Training to run better
Richard Wood (071 113 6442)
Apart from running, we should do strength training at least two days a week, depending on how often you do strength training you should rest 48 to 72 hours rest before doing strength training again.
Areas to improve with strength training that will also improve your running is your core, legs, and shoulders. It is always better to use functional training ie. not machine workout to improve your strength.
The squat is a compound, full body exercise that trains primarily the muscles of the thighs, hips, and buttocks, quadriceps femoris muscle (vastus lateralis, vastus medialis, vastus intermedius and rectus femoris), hamstrings, as well as strengthening the bones, ligaments, and insertion of the tendons throughout the lower body. Squats are considered a vital exercise for increasing the strength and size of the legs as well as developing core strength. Isometrically, the lower back, the upper back, the abdominals, the trunk muscles, the costal muscles, and the shoulders and arms are all essential to the exercise and thus are trained when squatting with the proper form
- Stand straight with feet shoulder-width apart.
- Toes should be pointed forward and engage your core by sucking your belly button into your spine to work your transverse abdominals. (The girdle that holds everything in your abdominals together.)
- Slowly bend your knees and lower yourself to the ground as if to sit in a chair position.
- Stop when your thighs are parallel with the floor.
- Push back up through your heels, exhaling at the same time.
- Inhale when lowering body, exhaling when pushing back up.
- Keep toes pointed forward.
- Engage your abdominals.
- Do not use your hands to help you push back up.
- Don’t allow your chest to drop and sink onto the tops of your thighs.
Front Squat Back Squat
Targeted muscles include the glutes in your hips and butt, along with the hamstrings and quadriceps in your thighs. The calf muscles in your lower legs, your abdominal muscles, and your back muscles act as stabilizers during this exercise.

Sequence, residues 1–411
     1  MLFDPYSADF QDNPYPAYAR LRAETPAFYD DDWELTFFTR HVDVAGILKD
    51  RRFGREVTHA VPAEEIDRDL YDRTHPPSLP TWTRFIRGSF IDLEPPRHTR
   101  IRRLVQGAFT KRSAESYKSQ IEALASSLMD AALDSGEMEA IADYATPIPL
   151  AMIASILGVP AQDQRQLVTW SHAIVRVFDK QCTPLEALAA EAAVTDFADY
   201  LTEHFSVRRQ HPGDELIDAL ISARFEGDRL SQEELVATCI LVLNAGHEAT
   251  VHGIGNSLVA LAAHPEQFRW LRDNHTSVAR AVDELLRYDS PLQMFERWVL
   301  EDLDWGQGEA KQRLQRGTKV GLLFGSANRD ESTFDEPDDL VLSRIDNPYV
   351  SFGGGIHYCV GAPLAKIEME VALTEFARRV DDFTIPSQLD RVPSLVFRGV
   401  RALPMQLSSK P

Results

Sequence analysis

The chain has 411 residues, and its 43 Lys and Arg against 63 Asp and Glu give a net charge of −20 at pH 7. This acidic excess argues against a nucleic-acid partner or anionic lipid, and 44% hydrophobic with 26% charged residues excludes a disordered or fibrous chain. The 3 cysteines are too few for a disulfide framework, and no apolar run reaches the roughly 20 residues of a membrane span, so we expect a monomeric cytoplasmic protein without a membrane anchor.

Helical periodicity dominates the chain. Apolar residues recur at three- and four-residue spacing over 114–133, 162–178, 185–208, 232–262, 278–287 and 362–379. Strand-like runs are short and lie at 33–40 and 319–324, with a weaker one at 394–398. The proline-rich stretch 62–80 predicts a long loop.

- Stand up with your legs together and your arms at your sides.
- Engage your core.
- Step 60 to 90 centimeter forward with your right leg.
- Bend both of your knees to lower yourself down into a lunge.
- Each knee should create a 90-degree angle.
- Keep your front knee directly over your ankle and behind your toes to avoid unnecessary strain on your knee.
- Push off with your right leg and return to the starting position.
- Repeat with your left foot stepping forward.
- Look at a spot on the wall slightly above you always keep your back straight and chest up.
The difference between a forward lunge and backward lunge is as the words suggest, you either step forward or backward.
The deadlift is a compound movement that works a variety of muscles groups:
- The grip strength (finger flexors) and the lower back (erector spinae) work isometrically to keep the bar held in the hands and to keep the spine from rounding.
- The gluteus maximus and hamstrings work to extend the hip joint.
- The quadriceps work to extend the knee joint.
- The adductor magnus works to stabilize the legs.
- Core musculature remains braced to stabilize the spine.
The deadlift is typically done with a barbell, but can also be done with dumbbells. Set a barbell on the floor about 2.5 cm in front of your shins, your feet about hip-width apart. Squat down by bending your knees and grab the bar with an overhand grip just outside your legs. Do not round out your back at any point during the exercise; keep it straight. Push through your heels, extend your legs and move into a fully upright standing position, with the bar hanging in front of your thighs. Keep the bar close to your body throughout the movement.